At Crooked Oaks, our love for the elegant Japanese maple is deep-rooted. We appreciate the many varieties and variations, from colors to shapes and sizes. Part of deciding which size Japanese maple to buy depends on a couple of factors.
What to consider when it comes to size
When it comes to deciding which size Japanese maple to buy for your space, there are two main questions to ask yourself.
First of all, what is your garden or landscaping vision overall? What do you want to do with your Japanese maple? Ask yourself a series of questions if you aren’t quite sure.
For example, do you want one big statement piece in your yard? Or maybe a subtle grouping for a naturally wild effect? Do you want to add a pop of color to a small space?
Once you have an idea of what you want and know where the tree will go, the second thing to consider is the tree’s final height.
In general, the varieties can be grouped as small, or dwarf, mid-size and “wow.” Smaller varieties such as the Velvet Viking, for instance, can be potted as well as planted. Smaller Japanese maples tend to be slow-growing and range from a few feet up to 8 feet wide and tall.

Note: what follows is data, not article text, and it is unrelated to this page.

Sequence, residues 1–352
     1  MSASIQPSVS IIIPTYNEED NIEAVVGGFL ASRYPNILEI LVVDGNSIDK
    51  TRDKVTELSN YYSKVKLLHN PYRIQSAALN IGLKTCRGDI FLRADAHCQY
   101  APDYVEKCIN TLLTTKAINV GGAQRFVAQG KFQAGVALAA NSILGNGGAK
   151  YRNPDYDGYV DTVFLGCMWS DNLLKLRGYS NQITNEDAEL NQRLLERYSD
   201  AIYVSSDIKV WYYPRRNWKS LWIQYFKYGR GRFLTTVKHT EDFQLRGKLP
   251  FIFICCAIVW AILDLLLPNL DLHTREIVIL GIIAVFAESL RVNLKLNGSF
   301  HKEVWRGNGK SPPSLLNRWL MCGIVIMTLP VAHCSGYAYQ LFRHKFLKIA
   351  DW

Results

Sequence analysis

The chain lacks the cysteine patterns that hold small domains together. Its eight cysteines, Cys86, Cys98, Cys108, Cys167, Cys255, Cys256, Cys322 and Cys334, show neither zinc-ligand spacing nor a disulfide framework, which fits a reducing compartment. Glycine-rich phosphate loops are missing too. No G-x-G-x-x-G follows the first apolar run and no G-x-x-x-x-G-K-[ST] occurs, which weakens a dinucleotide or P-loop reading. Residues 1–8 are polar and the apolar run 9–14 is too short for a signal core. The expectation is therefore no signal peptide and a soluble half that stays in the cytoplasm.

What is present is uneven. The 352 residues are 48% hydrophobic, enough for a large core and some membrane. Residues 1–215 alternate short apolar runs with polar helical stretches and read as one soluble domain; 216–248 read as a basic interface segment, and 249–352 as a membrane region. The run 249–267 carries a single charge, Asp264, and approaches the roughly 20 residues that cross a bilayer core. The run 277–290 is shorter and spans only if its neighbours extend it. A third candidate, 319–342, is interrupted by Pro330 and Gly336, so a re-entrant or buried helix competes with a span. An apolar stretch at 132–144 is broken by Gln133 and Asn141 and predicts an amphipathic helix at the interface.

Mid-size Japanese maples would be a solid option for the natural grouping with heights ranging from 8 feet up to 10 feet. Finally, for the statement piece, you know what they say, “Go big or go home.” Certain Japanese maples mature at heights of 15 feet to 40 feet!
More about Japanese maples
When it comes to deciding which type of Japanese maple is right for you, there is more to consider than size. For more tips on picking the perfect one, read our blog, “5 Tips for Picking the Best Type of Japanese Maple for Your Property.”
You can also get good tips for planting and caring here, from when to plant to soil testing to watering.
If you still feel like deciding which size Japanese maple to buy is a big decision, our nursery staff will be happy to help. Stop by 768 Red Creek Road Tuesday through Friday from 9 a.m. to 5 p.m. to talk to our garden manager. In the meantime, find out more about us and our gardens when you continue to read our blogs.